On behalf of Philip Nathe
Most people are likely aware of the serious consequences associated with a conviction for a sex crime. The time spent behind bars as well as the requirement in most cases that the convicted person register as a sex offender may have an impact on that person’s life as long as they live. This is particularly true when the person forced to register is a juvenile. Recently the Illinois Juvenile Justice Commission issued a report regarding this. The report was the result of a study sought by the General Assembly.
Conducting such a study makes sense when one looks at the specifics surrounding juvenile sex offenders. In 2010 a total of 232 sex crime arrests were made involving individuals considered juveniles. A retired chief circuit judge indicated that more than 50 percent of the juveniles who commit sex crimes are under the age of 14. The reasons cited for this type of behavior in individuals this young include developmental disabilities, the aggressors themselves being victims of sex abuse and a lack of social skills.
The results of the study prompted the Illinois Juvenile Justice Commission to recommend a change to the system that currently makes it a requirement for those who are under the age of 17 to register as a sex offender. While the recommendation recognizes there are situations in which such a registration might be appropriate, it cites multiple reasons why in many cases it may not be. Some of those reasons concern situations where the victim is a family member. In addition to making it difficult to have a relationship moving forward, the registration also results in a loss of that person’s confidentiality. Perhaps more importantly, the treatment plans youth offenders usually find themselves is are generally quite effective. In addition, it is only on rare occasions where a young person who has been convicted of a sex crime reoffends as an adult.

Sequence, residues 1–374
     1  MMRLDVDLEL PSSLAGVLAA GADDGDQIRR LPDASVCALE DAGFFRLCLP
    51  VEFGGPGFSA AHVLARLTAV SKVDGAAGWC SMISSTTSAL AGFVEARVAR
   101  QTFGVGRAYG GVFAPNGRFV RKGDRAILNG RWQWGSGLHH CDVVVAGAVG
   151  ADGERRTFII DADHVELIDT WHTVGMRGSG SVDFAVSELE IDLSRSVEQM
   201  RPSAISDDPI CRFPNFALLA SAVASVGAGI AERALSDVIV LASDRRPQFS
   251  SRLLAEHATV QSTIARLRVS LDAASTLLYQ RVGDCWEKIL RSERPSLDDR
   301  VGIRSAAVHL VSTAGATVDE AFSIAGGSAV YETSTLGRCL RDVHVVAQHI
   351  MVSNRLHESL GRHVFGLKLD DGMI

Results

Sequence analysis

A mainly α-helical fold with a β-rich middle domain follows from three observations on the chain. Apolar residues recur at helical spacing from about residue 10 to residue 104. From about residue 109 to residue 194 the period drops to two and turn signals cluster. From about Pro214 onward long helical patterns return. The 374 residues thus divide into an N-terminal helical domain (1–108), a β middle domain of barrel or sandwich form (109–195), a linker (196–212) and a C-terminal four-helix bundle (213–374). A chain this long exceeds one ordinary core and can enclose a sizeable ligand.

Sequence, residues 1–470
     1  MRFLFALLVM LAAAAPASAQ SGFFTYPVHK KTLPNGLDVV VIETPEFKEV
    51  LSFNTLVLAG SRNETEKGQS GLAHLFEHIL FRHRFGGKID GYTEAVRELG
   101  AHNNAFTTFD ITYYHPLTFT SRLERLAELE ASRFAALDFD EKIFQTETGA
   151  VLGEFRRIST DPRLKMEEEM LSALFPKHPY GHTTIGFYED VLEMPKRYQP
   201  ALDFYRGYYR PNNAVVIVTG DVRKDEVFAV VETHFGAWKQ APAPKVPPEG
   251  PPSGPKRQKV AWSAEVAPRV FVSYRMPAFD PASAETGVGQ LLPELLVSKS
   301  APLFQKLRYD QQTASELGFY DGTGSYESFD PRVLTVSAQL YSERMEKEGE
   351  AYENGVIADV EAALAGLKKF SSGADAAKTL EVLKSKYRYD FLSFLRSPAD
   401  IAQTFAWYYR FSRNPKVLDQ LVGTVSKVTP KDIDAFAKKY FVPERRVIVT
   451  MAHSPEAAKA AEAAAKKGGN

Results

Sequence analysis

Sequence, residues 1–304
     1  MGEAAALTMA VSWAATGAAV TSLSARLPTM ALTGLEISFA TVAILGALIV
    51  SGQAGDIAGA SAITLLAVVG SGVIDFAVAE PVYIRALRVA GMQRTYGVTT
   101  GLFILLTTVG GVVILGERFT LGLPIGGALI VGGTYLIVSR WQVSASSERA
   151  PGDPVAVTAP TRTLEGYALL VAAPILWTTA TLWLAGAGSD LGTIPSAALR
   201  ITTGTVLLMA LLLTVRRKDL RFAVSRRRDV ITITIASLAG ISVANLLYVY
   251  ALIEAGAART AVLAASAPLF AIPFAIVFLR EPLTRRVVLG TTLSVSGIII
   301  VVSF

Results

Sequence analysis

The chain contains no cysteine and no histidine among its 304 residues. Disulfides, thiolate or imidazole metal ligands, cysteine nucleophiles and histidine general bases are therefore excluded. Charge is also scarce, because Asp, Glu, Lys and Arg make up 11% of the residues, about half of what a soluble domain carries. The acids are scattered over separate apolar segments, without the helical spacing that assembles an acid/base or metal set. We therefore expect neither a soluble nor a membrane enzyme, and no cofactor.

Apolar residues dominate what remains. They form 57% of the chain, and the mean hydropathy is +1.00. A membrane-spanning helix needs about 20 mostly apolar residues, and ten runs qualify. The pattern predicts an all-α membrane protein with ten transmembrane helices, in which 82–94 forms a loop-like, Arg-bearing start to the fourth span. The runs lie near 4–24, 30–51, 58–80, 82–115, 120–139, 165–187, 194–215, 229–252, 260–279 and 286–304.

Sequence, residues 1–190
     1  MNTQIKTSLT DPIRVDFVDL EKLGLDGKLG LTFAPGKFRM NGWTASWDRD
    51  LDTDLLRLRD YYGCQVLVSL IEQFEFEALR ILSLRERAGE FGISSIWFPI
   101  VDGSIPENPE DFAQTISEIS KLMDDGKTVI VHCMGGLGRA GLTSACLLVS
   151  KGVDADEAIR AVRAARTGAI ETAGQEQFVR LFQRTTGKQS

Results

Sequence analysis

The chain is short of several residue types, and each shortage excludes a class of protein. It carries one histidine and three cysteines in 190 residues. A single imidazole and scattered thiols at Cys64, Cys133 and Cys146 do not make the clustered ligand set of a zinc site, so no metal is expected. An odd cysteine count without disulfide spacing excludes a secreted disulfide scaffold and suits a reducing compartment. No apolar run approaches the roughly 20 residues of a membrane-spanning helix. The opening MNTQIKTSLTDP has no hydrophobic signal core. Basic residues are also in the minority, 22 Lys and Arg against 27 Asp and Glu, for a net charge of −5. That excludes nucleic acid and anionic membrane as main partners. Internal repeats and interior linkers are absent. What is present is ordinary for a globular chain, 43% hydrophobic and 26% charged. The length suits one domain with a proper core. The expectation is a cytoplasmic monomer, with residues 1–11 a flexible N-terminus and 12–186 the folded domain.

Should this recommendation be put into practice, fewer juveniles will likely find that they are incarcerated for committing a sex crime. Nonetheless, because there is so much on the line when it comes to young people being accused of crime, it is a good idea to work with a lawyer in crafting a defense.
Source: CBS Chicago, “Commission: Remove Juveniles From Sex Offender Registries,” Associated Press, March 25, 2014